Recorded by (name omitted), who was in attendance
Honorable Judge Webber’s Opening Statement
He referred to this process as a book with two chapters. Many read the first chapter and it gives them understanding of the second. Some only read the first. Some skip to the end. I think he was trying to remind everyone that the government did not bring this suit egregiously and that what would follow was the correct response to the offenses that Mr. Staley had already plead guilty to committing. The judge asked for everyone to respect the process. He talked about the impact of the plea agreement upon the day’s decisions and proceedings. He talked about the “levels” of punishment/sentencing that the state was computing, finally saying that several levels were added due to Mr. Staley’s having tried to obstruct justice in this case and because Mr. Staley had continued to talk publicly as if he was innocent, even though he had officially plead guilty and was told by the court to refrain from asserting innocence in light of the guilty plea.
The judge stated that the government could have assessed up to level 33 for punishment, but he was going to list it at 31 levels, which made the recommended sentence for Staley’s crimes 108-135 months, though the base level for the 4 counts Staley plead guilty to was 84 months, or 7 years. He then asked for the government to bring forward any victims who wanted to speak.
The victims were referred to by initials for privacy. Almost all of the speakers were middle-aged children of elderly parents, many of whom were unable to attend, due to advanced age, dementia, illness and infirmity.
Victim N.S. said Jim Staley had been characterized by the defense as a good Christian and good family man, “but he is neither.” She said that Staley had asked her to lie to the FBI to cover up his misdeeds, but she refused. She lost over $600,000 and has to date received only $407 in restitution.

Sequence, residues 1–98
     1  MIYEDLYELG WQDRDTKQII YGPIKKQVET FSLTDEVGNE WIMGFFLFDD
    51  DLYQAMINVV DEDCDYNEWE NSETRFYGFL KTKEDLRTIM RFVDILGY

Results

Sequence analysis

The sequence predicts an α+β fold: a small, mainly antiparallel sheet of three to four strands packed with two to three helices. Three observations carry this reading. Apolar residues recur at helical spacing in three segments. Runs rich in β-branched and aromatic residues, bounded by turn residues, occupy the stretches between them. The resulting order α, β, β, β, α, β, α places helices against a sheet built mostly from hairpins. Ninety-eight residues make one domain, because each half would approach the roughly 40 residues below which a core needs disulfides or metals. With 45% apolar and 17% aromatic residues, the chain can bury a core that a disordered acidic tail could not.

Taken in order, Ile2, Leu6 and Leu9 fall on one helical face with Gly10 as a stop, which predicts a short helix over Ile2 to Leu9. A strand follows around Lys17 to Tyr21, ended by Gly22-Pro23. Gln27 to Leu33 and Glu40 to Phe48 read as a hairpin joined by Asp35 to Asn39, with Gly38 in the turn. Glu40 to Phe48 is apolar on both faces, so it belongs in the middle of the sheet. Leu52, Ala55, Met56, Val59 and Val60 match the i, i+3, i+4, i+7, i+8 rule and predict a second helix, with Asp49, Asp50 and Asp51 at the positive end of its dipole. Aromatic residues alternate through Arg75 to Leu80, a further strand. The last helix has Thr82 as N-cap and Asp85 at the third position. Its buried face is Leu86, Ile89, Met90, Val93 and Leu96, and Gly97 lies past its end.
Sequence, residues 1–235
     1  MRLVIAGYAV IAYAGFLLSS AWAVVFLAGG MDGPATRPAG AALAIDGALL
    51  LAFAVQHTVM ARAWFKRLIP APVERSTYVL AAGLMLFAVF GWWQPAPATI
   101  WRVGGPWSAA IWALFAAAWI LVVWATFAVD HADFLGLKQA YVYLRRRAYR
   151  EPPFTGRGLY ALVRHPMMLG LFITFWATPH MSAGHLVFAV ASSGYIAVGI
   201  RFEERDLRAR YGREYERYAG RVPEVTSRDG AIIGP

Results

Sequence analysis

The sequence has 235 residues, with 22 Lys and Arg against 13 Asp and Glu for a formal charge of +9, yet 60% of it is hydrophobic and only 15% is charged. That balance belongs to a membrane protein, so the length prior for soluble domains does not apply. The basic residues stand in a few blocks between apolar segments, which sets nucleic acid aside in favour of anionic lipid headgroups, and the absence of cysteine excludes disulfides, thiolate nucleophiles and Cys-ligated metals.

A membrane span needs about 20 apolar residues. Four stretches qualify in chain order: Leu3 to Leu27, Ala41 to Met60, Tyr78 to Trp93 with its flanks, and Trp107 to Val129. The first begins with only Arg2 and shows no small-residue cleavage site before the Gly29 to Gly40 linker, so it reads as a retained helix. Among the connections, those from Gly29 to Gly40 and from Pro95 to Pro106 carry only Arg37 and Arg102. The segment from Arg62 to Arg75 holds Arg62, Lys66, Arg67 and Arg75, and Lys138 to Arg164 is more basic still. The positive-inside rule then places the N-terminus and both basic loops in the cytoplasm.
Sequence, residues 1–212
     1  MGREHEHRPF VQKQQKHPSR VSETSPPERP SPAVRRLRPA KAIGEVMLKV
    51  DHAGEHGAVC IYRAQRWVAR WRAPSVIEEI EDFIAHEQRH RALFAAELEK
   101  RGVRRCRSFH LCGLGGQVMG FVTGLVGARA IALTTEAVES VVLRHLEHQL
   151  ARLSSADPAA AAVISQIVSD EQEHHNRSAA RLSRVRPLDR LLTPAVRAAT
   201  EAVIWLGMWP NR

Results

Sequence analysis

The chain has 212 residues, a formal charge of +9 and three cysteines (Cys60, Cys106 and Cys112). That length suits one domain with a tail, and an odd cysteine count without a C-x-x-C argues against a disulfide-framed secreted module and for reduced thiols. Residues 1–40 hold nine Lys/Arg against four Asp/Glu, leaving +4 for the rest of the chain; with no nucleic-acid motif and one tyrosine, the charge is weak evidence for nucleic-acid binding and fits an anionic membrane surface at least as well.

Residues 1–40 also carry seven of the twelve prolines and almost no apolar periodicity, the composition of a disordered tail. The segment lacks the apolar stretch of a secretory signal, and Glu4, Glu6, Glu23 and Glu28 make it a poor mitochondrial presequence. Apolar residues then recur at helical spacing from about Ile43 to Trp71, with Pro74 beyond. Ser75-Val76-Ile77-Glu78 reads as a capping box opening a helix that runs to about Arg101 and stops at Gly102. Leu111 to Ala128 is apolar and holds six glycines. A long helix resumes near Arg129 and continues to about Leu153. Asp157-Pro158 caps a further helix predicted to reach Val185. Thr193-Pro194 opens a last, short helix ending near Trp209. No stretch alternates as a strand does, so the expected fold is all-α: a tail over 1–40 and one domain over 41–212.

Victim C.B. said her parents lost $325,000, which was their entire life savings and now cannot provide for themselves, cannot provide for their food, housing, or their medical expenses. They are on food stamps and Medicaid.
Victim W.F. talked about the fact that Jim Staley targeted seniors, with devastating impact, that his actions were no accident, but were calculated to prey upon the elderly.
Another victim (I didn’t get the initials) talked about that she had recently been widowed when Staley approached her and told her he was “there to help.” She now suffers from anxiety issues and total lack of trust of other people.
All the speakers spoke of the devastating effect of losing their life savings, the huge taxes they were assessed for cashing in annuities and IRAs before they were supposed to, and said that Staley never mentioned what they would be losing by doing so.
Letters from Victims
The judge had a whole stack of letters from victims who could not attend. He read from them, saying that he was only going to read excerpts, and that he was not going to read personal information or “hyper-emotional” statements.
One letter said that Jim Staley had sold this “investment” to an elderly man who had diminished mental capacity due to the onset of dementia.
Another said that Jim Staley presented that these were “no risk” investments with a guarantee of a 40% return.